I was busy painting but not posting for the entire duration of 2022. I do hope to motivate myself to share some of my progress in 2023.
I shall begin with a major accomplishment — Warhammer 7th edition Battle for Skull Pass. I got this one when it came out in 2006 or so. It sat in my closet for years, until I underwent a conversion in mid-2019 and began painting.
At long last, I have finished it all! Here is the back of the box, which has served as my painting guide for all these years:
And, here are my armies. Forgive the photos; the tabletop seems to have washed out all of the colors.
I somehow acquired one extra Night Goblin spearman and an unfortunate fellow who couldn’t dodge the cannonball. I don’t recall if they came with the set, or I got them from another source.
As the goblins are my favorite, I’ve augmented their forces through the years. Here’s an additional regiment of Stabbas:
While things do progress apace on the painting front, I have been a thoroughly lax chronicler of my activity… In addition, I’ve been recalled to the classroom for in-person kindergarten. I have to be grateful — my family remained healthy, employed, and educated. But, alas, my glorious anno hobbyoso has come an abrupt end.
For the past year, I managed to squeeze in an hour — and often twice that — of hobby time daily. I completed a number of “sets” of miniatures, along with odd bits of terrain. I began a Hirst Arts “ruined church” inspired by this one and resumed 3D printing — until the heat bed on my Monoprice Mini finally succumbed to a well-documented design flaw. I even built a battleship, based upon Bob Cordery’s directions.
It is up to you to decide which type and scale you prefer. Consider carefully all the advantages and disadvantages of each. Then, when you make your decision and start building up your collection, stick to your choice until you have two complete war game armies. If you start making changes mid-point in your program, you will end up with bits and pieces of everything, and nothing complete.
It is quite possible and perhaps desirable to own a number of different sets of armies, each of a different type, scale, and historical period. Many war gamers do. But collect them one at a time. Mid-point change is costly and wasteful.
Joseph Morschauser’s How to Play War Games in Miniature, p. 21.
The above heterogeneous mess represents a significant portion of my hobby labor over the past year. Some intention and persistence is evident; but also, alas, too much caprice.
The excellent Graham’s Wargames blog is entirely responsible for this flight of fancy. His “canal city” setup was just too, too tempting. The buildings are from TT Combat (I have some modern buildings of theirs) which is acquired through eBay. I’m planning a moire extensive “MDF Roundup” to review my purchases from various companies.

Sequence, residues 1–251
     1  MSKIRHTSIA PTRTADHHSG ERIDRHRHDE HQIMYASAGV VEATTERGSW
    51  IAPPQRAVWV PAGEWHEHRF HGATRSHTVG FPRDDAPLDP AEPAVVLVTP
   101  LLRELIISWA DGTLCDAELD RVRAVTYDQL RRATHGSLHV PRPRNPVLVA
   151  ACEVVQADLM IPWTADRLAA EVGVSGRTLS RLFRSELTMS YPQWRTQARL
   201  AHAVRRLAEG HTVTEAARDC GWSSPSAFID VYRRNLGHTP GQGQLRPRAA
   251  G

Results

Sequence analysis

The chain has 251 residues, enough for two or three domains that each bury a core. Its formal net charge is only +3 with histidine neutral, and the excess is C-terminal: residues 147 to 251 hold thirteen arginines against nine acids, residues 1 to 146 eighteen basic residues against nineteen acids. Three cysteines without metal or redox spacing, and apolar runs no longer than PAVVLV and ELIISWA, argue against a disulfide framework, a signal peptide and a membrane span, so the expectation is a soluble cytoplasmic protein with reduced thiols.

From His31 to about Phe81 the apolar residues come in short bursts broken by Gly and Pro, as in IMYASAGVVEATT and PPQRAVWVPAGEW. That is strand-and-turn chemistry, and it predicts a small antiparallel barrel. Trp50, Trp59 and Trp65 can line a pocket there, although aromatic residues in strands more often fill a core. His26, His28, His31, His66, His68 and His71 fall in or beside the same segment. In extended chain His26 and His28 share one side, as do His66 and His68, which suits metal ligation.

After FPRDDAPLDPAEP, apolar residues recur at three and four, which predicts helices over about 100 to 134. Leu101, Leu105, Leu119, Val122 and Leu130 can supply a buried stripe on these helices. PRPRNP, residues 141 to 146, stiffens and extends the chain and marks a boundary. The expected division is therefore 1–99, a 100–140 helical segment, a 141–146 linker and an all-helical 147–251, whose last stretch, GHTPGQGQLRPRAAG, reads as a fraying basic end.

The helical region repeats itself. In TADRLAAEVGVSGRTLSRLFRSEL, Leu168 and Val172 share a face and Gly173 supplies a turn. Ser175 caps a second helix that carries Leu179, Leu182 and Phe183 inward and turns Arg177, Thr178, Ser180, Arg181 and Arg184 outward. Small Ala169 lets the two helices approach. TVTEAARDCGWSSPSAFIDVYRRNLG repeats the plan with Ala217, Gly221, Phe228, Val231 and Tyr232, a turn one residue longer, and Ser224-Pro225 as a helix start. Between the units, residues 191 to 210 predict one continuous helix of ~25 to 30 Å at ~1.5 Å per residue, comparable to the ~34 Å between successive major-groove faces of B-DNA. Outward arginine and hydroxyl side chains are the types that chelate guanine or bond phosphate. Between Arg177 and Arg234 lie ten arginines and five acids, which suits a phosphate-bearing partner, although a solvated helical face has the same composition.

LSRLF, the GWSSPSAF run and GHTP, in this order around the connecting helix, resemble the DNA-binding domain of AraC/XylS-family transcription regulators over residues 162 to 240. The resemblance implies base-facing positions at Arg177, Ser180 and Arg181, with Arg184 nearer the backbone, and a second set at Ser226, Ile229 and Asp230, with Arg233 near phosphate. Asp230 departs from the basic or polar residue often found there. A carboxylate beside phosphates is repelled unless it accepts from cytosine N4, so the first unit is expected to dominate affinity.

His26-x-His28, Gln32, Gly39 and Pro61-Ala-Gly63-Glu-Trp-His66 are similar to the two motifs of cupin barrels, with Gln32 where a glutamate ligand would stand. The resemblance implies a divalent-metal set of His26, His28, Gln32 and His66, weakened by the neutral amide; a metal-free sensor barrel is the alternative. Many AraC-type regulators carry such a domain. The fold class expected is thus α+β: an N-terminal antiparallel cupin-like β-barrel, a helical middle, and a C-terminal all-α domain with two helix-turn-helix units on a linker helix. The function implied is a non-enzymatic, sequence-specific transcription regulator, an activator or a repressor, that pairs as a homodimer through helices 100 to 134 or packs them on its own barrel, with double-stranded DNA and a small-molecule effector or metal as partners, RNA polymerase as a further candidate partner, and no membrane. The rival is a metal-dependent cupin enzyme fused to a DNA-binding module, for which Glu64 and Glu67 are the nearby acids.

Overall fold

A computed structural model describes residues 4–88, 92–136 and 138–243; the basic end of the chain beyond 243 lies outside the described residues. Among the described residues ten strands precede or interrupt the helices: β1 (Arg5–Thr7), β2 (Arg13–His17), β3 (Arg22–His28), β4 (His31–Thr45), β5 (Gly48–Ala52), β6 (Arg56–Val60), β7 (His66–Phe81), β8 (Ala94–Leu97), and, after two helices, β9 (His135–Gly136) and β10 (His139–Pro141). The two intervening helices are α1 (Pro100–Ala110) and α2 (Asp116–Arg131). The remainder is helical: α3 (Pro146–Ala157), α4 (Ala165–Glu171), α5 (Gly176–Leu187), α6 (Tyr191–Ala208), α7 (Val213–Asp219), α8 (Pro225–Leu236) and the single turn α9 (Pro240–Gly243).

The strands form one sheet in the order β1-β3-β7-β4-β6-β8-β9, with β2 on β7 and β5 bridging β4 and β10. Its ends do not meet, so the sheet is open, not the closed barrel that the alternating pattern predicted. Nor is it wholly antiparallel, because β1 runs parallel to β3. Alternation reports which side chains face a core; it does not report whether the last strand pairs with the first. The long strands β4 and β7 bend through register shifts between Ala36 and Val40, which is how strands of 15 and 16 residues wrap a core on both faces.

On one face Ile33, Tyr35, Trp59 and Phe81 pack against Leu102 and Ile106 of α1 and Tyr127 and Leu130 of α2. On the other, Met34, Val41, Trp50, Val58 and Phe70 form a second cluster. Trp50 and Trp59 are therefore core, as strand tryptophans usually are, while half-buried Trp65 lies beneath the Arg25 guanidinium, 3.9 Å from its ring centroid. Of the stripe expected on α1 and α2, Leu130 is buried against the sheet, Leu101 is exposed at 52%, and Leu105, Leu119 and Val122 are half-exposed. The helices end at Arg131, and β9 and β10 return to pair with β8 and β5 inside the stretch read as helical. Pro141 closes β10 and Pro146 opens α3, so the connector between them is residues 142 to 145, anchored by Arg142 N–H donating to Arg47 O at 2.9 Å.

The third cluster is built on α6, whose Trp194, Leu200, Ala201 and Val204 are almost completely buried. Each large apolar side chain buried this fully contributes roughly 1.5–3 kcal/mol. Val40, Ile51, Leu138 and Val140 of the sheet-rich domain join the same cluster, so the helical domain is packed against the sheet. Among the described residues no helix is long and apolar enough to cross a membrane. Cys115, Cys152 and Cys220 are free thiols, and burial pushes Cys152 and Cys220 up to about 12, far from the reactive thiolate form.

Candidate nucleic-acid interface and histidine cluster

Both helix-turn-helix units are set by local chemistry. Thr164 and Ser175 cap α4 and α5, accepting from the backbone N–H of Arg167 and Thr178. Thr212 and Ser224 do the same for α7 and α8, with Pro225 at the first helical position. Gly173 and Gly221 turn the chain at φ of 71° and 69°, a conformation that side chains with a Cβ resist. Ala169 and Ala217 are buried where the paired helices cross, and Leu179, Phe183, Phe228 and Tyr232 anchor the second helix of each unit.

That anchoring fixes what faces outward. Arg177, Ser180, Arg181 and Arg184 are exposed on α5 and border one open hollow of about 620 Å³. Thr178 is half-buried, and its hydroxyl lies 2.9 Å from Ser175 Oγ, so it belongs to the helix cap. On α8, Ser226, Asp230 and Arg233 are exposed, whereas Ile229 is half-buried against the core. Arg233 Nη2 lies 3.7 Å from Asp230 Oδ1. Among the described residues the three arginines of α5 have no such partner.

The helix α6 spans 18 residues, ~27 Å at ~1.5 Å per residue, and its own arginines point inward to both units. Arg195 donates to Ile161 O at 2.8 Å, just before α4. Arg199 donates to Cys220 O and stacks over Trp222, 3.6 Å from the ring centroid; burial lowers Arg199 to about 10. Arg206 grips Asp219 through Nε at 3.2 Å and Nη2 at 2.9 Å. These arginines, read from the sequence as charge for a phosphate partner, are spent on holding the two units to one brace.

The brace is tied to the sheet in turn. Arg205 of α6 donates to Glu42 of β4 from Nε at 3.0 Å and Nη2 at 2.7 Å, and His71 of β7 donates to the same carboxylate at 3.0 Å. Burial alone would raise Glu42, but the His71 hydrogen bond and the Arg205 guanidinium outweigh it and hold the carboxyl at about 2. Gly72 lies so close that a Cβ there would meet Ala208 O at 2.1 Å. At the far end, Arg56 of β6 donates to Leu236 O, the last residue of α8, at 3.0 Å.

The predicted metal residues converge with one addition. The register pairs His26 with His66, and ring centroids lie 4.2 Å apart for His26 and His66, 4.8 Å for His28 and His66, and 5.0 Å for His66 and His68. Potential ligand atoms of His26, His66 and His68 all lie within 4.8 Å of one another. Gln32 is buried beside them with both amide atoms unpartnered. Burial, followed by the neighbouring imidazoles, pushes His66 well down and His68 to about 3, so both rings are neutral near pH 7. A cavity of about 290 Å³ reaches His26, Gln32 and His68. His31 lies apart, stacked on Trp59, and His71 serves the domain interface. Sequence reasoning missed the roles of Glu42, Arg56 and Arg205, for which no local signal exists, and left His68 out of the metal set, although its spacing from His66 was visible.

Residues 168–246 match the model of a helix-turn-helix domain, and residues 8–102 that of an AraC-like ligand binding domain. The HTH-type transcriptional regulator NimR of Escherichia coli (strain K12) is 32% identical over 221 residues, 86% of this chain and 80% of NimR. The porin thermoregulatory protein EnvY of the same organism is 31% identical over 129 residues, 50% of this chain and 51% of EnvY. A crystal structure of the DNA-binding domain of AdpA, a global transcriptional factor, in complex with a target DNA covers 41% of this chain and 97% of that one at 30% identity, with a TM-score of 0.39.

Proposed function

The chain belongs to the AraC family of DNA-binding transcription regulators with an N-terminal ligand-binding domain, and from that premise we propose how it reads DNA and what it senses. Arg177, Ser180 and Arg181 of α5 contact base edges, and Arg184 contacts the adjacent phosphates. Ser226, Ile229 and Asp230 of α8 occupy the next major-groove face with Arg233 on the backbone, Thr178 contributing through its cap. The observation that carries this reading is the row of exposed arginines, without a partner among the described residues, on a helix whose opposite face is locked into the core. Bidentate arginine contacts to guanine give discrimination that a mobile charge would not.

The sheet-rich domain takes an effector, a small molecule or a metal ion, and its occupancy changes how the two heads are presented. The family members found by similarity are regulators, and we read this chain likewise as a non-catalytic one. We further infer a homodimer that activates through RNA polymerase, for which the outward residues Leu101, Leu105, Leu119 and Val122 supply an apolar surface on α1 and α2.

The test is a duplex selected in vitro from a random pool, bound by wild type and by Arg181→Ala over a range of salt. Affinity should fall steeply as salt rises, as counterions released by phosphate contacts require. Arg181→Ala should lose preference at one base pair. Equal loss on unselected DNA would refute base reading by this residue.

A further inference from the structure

Here’s my Bob Cordery battleship, before painting. He built his by laminating many, many pieces of basswood. I took the measurements and attempted to cobble it together from scraps in the workshop. I’m going to make one or two adjustments on this one, and have another go to see if I can do it better.
The painted miniatures range from some 54s, a lot of 28s (mainly Reaper Bones, Super Dungeon Explore, and Zombicide), to the 1:700-ish ships from the Armada Starter Set. I did my Orc sails in dark blue rather than red (to make them look more raggedy) but I believe it was a poor decision.
I’ll put together a more thorough tour of this stuff in the near future.
Heretofore, hobbying has been a personal pursuit for me. The vast majority of my time is consumed by painting miniatures, building terrain, and questing for the perfect organizational system for same. Occasionally I get in a game.
This year, my heart apparently expanded like the Grinch’s, and I was possessed to offer some of my work as gifts. Someone’s post on The Miniatures Page (I believe it was) alerted me to the existence of minis representing the cast of a favorite TV program from my youth.
While painting them, musing that they would likely be for display only as I wouldn’t have much of a gaming use for them, I was thunderstruck. My elder son is also a M*A*S*H* fan, and might enjoy the novelty of possessing these as his first miniatures.
A bit of spray-paint and a sadly-rendered door, and I had a suitable “Swamp.” Owing to the fact that I already possessed all the pieces for this gift, it was completed by the Big Day.